DMV nixes 'grace period' for expired vehicle registration
Posted August 31, 2016
Updated September 1, 2016
Raleigh, N.C. — Registration expiring soon? Need an inspection?
Drivers in North Carolina will need to hit the gas on urgency because the grace period for North Carolina's registration law is now a bit less forgiving.
The Division of Motor Vehicles is carrying out a change in state law that took effect July 1 and says drivers will be charged a fee if registration is not renewed by the end of the month in which it expired.
"It's another way to remind people, you know, pay attention," state Department of Transportation spokesman Steve Abbott said. "There are some cases where people let it go three or four months, and unless you got pulled over by a police officer there was no added penalty."
Previously, a driver had a 15-day grace period to renew their registration after it expired.
Now, drivers can be charged a fee for driving one day past the final day of the month in which their registration expires. Drivers will have to pay at least $15 for driving past the expiration date.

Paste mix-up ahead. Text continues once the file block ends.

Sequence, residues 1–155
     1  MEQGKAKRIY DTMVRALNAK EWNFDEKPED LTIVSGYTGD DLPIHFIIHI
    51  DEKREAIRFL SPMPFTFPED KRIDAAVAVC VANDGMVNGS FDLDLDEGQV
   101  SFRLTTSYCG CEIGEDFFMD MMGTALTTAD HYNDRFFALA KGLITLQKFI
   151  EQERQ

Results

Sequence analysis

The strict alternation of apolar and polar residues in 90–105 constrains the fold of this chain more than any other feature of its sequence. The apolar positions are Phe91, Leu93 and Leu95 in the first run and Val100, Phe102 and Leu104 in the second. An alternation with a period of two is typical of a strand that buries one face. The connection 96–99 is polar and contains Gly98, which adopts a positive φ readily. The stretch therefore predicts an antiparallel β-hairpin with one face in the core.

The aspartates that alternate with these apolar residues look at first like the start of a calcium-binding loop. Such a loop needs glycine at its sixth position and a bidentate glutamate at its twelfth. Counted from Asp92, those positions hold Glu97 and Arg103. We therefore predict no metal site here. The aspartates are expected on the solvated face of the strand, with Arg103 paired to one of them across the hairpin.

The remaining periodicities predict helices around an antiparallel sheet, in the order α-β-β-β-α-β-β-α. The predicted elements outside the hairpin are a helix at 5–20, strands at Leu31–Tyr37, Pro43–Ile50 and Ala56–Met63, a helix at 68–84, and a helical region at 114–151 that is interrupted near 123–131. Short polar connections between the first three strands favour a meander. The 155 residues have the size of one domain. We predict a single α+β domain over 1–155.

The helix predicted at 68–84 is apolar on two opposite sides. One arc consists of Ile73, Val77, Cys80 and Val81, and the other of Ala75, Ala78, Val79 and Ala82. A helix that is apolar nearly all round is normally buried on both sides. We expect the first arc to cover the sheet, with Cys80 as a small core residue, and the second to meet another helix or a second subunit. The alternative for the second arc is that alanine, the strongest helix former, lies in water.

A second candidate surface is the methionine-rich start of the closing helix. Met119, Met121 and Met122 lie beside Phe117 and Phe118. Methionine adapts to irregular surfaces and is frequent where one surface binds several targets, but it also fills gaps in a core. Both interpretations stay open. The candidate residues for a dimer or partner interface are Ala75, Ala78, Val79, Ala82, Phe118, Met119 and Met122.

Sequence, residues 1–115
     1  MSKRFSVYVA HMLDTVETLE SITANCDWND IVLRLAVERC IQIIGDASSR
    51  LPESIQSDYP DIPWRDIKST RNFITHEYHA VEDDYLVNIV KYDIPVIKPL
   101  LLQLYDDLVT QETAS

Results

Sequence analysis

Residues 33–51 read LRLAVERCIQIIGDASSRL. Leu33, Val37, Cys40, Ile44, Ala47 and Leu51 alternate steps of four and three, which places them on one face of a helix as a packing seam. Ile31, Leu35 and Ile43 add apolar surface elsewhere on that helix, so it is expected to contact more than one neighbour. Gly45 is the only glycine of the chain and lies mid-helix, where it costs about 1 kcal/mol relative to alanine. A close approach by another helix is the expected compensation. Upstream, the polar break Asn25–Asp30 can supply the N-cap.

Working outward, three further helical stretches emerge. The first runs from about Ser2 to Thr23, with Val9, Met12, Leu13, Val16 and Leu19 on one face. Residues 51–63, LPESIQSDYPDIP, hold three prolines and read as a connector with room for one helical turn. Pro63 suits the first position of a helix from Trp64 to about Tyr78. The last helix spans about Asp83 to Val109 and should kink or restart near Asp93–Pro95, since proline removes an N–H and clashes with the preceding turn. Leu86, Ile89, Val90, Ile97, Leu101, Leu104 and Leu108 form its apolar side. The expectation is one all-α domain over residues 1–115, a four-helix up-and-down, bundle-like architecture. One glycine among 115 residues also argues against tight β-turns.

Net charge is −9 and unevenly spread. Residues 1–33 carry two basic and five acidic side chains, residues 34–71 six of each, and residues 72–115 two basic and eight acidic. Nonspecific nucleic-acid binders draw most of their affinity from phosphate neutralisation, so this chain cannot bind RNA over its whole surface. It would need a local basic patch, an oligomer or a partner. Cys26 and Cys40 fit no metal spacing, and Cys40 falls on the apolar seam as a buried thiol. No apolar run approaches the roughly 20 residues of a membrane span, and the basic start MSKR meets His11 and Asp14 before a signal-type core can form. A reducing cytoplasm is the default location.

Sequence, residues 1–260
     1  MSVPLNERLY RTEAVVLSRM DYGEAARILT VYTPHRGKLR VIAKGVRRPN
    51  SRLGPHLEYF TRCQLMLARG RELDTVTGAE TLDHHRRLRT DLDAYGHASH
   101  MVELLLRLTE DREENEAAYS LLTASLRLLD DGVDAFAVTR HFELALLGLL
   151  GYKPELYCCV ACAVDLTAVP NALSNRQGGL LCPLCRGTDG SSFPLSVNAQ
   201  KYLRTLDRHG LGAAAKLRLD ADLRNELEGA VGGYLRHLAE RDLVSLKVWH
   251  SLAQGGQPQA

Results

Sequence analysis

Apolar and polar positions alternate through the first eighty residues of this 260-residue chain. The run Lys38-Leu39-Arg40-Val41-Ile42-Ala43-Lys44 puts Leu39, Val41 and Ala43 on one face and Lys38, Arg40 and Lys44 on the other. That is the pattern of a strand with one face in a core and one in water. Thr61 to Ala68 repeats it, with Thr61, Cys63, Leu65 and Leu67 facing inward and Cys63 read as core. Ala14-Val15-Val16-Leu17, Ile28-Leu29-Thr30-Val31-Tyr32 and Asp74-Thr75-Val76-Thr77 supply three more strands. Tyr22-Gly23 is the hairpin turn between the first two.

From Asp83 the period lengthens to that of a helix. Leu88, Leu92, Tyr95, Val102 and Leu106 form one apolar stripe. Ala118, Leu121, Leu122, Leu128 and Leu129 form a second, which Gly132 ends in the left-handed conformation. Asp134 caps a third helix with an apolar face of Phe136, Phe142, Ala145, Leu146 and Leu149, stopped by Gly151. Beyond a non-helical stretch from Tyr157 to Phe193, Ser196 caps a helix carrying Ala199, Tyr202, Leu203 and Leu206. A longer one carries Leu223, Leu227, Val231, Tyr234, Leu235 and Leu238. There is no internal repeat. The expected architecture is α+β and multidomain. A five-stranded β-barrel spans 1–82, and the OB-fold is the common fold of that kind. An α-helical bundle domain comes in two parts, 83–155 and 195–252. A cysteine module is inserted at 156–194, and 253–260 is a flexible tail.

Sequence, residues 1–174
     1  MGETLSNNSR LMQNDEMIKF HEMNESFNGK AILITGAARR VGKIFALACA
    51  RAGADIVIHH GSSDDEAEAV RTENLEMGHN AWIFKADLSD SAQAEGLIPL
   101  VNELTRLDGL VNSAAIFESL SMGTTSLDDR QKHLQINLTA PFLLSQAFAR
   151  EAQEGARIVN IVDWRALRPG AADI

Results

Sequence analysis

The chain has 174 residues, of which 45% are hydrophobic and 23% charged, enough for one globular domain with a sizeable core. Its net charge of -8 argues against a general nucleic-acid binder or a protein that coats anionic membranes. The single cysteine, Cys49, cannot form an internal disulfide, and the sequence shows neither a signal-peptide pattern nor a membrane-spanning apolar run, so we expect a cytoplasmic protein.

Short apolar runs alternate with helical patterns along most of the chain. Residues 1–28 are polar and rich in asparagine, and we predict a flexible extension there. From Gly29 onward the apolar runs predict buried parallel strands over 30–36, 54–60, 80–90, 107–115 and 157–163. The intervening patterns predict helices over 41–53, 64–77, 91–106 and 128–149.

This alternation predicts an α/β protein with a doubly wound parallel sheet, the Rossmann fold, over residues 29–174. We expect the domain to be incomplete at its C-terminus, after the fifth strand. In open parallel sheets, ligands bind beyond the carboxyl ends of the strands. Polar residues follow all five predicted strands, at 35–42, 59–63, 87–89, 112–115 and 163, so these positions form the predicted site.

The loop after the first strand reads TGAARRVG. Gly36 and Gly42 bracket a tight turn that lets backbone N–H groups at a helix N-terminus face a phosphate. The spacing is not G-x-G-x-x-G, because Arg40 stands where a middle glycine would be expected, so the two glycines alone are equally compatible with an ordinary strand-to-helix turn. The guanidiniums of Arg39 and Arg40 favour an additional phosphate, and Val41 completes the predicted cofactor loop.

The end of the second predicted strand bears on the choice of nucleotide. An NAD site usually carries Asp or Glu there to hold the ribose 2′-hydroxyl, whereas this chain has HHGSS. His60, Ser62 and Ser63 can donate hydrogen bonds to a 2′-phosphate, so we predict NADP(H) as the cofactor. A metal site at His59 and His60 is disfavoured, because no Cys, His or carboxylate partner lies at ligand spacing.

North Carolina State University student Linda Meadows says she relied on the grace period, calling the change "ridiculous."
"$15 might not be a lot, but that really is the difference, especially to a lot of people," Meadows said.
The longer drivers wait to renew, they more they'll pay in fees. If a registration has been expired for less than a month, the fee is $15. For two months, it goes up to $20. After that, the fee climbs to $25.
Abbott says the DMV hopes the fees push drivers to plan ahead.
Registration fees and property taxes can be paid online or by mail once a vehicle passes inspection. The fees can also be paid at a local DMV county license plate agency office.